Tiger Marrowfat

Damon Runyon

When I was a young squirt going to school, I remember reading something or other about how the evil that men do lives after them, while the good they do, if any, is buried with their bones.

Of course this proposition is very true and fair enough, and the reason I come to be thinking about it now is because of what happens to my friend, this Chelsea McBride, the other day.

Something is always happening to this Chelsea McBride. If it is not one thing it is another. He can run into trouble where there is no trouble whatever. If there is only a little dough in trouble, Chelsea McBride will be as rich as mud.

Well, this thing that happens to him the other day bobs up out of a clear sky when he is taking a walk along Broadway, thinking of not much, except maybe of where he may be able to transact a little business. Furthermore, Chelsea does not care what kind of business it is, either.

He is in front of the old Knickerbocker when all of a sudden up steps a guy with squeaky shoes, which sound most promising for Chelsea. You take a guy with squeaky shoes, and very often you can do things to him in case he has any spare cash on him. The guy also had a short gray beard and baggy pants, and Chelsea thinks that maybe he is going to ask the way to the Aquarium, but instead the guy says to Chelsea like this:

“Good day,” he says to Chelsea. “Are you not Professor Bogash, the discoverer of Tiger Marrowfat, made,” the guy says, “from the backbone of the Bengal tiger, and guaranteed to cure rheumatism, corns, bunions and eczema?”

Well, naturally Chelsea is not Professor Bogash, and in fact it is several years since he is Professor Bogash. In fact, he is not Professor Bogash since he tours western Kansas as such in a horse and buggy, because Chelsea advances quite a ways the last few years and has no use whatever for propositions of this nature.

But of course he is somewhat interested to think a guy remembers him from his Professor Bogash days, and furthermore, the shoes on the guy squeak so promisingly that he wants to hear what more is to be said. So he smiles and looks at the guy without saying whether he is Professor Bogash, and the guy goes on talking.

“My name is Andrew Peabody,” the guy says, “and I come from Syracuse, Kansas. Maybe,” he says, “you remember Syracuse and the time you come through there in a horse and buggy selling Tiger Marrowfat, made from the backbone of the Bengal tiger, and guaranteed to cure rheumatism, corns, bunions and eczema. It is a nice town,” he says.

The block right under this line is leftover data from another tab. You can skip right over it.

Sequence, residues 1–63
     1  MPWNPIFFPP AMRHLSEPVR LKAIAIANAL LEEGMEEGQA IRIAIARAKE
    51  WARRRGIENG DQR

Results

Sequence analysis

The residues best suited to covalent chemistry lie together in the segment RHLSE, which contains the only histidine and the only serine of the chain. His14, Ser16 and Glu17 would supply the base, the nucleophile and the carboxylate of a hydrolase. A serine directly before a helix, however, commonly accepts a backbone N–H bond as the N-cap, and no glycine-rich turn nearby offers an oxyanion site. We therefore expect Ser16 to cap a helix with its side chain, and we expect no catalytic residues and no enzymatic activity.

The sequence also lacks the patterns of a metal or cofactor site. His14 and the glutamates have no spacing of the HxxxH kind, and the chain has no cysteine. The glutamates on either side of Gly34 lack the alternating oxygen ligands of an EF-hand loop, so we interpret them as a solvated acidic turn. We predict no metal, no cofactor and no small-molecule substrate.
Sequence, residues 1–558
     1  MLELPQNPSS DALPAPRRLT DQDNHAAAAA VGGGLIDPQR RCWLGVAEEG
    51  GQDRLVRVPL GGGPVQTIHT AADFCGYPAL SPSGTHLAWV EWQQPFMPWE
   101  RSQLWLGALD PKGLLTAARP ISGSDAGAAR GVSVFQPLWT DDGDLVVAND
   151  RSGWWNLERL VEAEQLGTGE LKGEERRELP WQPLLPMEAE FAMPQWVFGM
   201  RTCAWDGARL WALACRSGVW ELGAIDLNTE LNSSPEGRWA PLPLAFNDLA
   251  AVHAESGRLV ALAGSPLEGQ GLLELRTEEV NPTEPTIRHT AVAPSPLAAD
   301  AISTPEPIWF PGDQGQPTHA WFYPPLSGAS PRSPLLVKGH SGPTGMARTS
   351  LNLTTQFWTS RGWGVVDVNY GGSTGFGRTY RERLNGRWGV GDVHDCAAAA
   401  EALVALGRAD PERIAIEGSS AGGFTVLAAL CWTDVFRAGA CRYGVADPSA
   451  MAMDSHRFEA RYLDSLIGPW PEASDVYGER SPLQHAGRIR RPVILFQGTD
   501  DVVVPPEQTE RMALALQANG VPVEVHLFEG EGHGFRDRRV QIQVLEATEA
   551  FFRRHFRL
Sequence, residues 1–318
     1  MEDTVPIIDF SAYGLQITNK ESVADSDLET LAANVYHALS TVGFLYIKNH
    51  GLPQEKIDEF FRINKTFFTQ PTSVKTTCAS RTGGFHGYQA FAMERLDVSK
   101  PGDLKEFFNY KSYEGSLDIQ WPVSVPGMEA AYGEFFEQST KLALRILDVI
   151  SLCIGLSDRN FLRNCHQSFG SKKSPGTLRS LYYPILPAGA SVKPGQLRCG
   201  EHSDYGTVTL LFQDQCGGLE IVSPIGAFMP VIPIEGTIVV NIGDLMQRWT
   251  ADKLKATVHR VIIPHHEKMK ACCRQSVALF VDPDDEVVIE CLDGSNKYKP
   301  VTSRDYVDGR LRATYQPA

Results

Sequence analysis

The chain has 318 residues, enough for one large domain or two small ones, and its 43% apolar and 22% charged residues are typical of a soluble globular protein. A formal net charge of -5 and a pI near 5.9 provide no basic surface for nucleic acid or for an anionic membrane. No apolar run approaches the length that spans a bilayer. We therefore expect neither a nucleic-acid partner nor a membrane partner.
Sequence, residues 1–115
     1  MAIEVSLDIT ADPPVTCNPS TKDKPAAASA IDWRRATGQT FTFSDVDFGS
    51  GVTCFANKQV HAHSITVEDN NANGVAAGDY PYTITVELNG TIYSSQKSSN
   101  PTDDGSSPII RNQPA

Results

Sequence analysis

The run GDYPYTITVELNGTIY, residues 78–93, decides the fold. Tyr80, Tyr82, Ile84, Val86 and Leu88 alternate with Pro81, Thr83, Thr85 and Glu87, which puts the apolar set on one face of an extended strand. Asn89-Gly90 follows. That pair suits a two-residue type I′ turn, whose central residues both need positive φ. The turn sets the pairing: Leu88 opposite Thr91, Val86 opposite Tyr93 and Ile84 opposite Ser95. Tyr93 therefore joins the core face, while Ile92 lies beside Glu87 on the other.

“Maybe I do,” Chelsea says, listening to the squeaky shoes, “and maybe,” he says, “I do not.”

“Well,” the guy says, “maybe you remember selling my old lady, Mrs. Peabody, a box of Tiger Marrowfat for her rheumatism, and also her corns and bunions, which are very painful. Maybe you remember,” he says, “that Mrs. Peabody is about half dead with same, especially the rheumatism, and it does not look as if she will live until the next rain.

“If you do remember,” the guy goes on, “what I wish to say is that your Tiger Marrowfat completely cures her of all her ailments except her disposition. Yes, sir,” he says, “it is a wonderful cure. Mrs. Peabody never had an ache or pain since.”

Well, of course, this is most surprising news to Chelsea McBride, for Tiger Marrowfat is nothing much but some cooking lard perfumed up a little, and about all it will cure is squeaky shoes such as the guy has on. But, naturally, Chelsea is much pleasured up to hear of the good he has done to somebody, especially as it looks as if the guy is apt to hand him something or other out of gratitude.

So Chelsea says to the guy like this: “Indeed,” he says, “I am Professor Bogash, and” he says, “I am greatly pleased to hear of Mrs. Peabody’s recovery. Tiger Marrowfat is certainly a wonderful remedy.”

“Yes,” the guy says, “we figure she cannot live long, and then you happen by and cure her up complete. All for fifty cents,” he says. “I look for you a long time, Professor Bogash,” the guy says, “and now,” he says, “here is something for you.”

And with this he hauls off and busts Chelsea right smack in the eye, and the next thing Chelsea knows a cop is shaking him and telling him he will have to quit lying down in the street, so the traffic can get past.

But what makes Chelsea feel pretty mad over the proposition is that the guy never does say what he is sore about.